multimedia equivalent of a rumble in the jungle in July 1999. As they
approached the Cyberjaya site they were greeted by a curious
monochromatic image on a billboard depicting rioters demolishing a
car. Above the image a message warned: "Foreign Influence is a threat
to National Security."

This capacity to reject foreign influence yet promote foreign direct
investment suggests that modernization, Malaysian style, represents
an Asian version of doublethink (memorably defined by George Orwell
as "the capacity of holding two contradictory views in one's mind
simultaneously and accepting both of them"). The impressive postwar
growth of Malaysia depended upon its membership in the Western
alliance during the Cold War, its openness to the post-Bretton Woods
liberal trade order in the Asia-Pacific, and its export-oriented
economic strategy. Yet throughout the 1980s Mahathir and his ruling
UMNO railed against Western liberalism, launched a Buy British Last
campaign, and instituted a Look East economic policy. At regional
forums like Asia-Pacific Economic Cooperation (APEC), Malaysia
continues to promote a Japan-led East Asian Economic Caucus.

Mahathir's illiberal "heresy" (as he himself termed it) in suspending
the repatriation of foreign funds invested on the KL stock exchange
and arresting his reform-minded deputy Anwar Ibrahim prompted
commentators as diverse as Amnesty International, Indonesian
President B.J. Habibie, George Soros and Al Gore to direct a chorus
of disapproval at Malaysia's political and economic failings. Given
Malaysia's dependence on foreign direct investment and manufacturing
exports, it is curious that Mahathir regards foreign influence and
the global market with such unbridled suspicion. Does that suspicion
simply reflect the uncertain mood swings of an Asian gerontocrat
unwilling to go quietly into the political night? Or does it--and the
authoritarianism and rhetorical dissonance that go with it--mask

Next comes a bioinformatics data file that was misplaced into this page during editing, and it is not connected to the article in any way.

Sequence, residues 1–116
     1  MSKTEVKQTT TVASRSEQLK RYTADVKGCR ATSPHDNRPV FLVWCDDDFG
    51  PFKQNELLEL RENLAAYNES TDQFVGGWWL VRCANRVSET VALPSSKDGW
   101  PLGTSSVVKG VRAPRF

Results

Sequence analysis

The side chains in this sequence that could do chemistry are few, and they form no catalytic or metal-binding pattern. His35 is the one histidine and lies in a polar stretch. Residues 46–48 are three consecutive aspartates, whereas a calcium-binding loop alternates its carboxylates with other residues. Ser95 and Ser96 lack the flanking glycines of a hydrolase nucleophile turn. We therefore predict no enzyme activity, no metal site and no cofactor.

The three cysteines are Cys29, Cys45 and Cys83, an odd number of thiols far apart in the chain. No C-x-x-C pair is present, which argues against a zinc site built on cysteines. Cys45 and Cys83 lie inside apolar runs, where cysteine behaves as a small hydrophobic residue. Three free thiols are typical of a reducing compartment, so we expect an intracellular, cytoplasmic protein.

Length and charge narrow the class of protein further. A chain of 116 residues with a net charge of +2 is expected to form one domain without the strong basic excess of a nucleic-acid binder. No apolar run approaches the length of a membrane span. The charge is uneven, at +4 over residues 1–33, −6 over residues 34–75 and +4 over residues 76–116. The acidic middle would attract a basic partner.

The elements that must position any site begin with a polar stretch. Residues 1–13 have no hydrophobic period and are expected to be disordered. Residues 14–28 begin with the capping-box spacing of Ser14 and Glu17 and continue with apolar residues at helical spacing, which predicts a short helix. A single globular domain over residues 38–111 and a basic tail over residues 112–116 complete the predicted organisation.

irresoluble tensions at the heart of the late developing state that
Mahathir christened "Malaysia Incorporated"? What, moreover, will be
the future for the once acclaimed but now widely disparaged Malaysian
version of the Asian model, after UMNO's somewhat uncertain electoral
victory in November 1999?

Constructing Malaysians

The incoherent character of contemporary Malaysian politics reflects
the contingent factors that shaped Malaysia's development.
Modernizing states, as Ernest Gellner remarked, require nations. As
in many other post-colonial states, building the Malaysian nation has
been an anxious affair. There were few cultural resources upon which
to draw. Apart from Islam, which wafted over on the boats of spice
traders from Moghul India, and the Malacca sultanate that fell to the
Portuguese in 1511, there was little in the way of tradition to
support a national identity. Somewhat disturbingly for Malaysian
amour propre, just as it was the British architect A.B. Hubbock who
designed the mosque and railway station that give the nation's
capital a distinctively oriental flavor, so it was the British
Colonial Office that first cobbled the new state together from the
fragments of its Southeast Asian possessions: the Federated Malay
States that accepted British advisers, the independent northern
sultanates, Sarawak and Sabah on the island of Borneo, and,
initially, Singapore.

In the aftermath of World War II, the British made various efforts to
create a viable political arrangement to unite these disparate parts,
a task made more urgent by the serious communist insurgency on the
peninsula. After a couple of false starts, these culminated in the
creation of a Malaysian Federation in 1963. While it solved the
problem of disunity, the Federation served to make the question of
Malay identity and its relationship to an evolving national
consciousness a matter of political urgency. In the uncertain and
unstable world of postwar Southeast Asian politics, the very
formation of the new state exacerbated regional tension. The Malayan
Emergency caused by the communist insurgency (1948-58), followed by
confrontation with Indonesia (1963-66), whose irascible first
president, Sukarno, violently objected to the new entity, fed a
burgeoning siege mentality in the leaders of the new state. Not only
were the boundaries of Malaysia a source of anxiety, but the notion
of what constituted a Malay--let alone a Malaysian--was equally
unclear. Thus, traditionally, to be Malay was to be kerajaan, or
unconditionally loyal to the sultan. At the same time, after 1946
UMNO's brand of populist nationalism emphasized the shared and equal
identity of the bangsa Melayu (the Malay nation). But, differently
again, to be Malay was to be Muslim. For the more religiously
disposed Malays--who eventually were to form the backbone of the
Parti Islam se-Malaysia (PAS)--the fact that the privileged status of
Islam was written into the 1957 constitution bequeathed by the
departing British intimated the future possibility of an Islamic
state. For pragmatic political leaders, however, the pressing need
for a sustainable Malay unity tended to override these conflicting
understandings of feudally, ethnically and religiously defined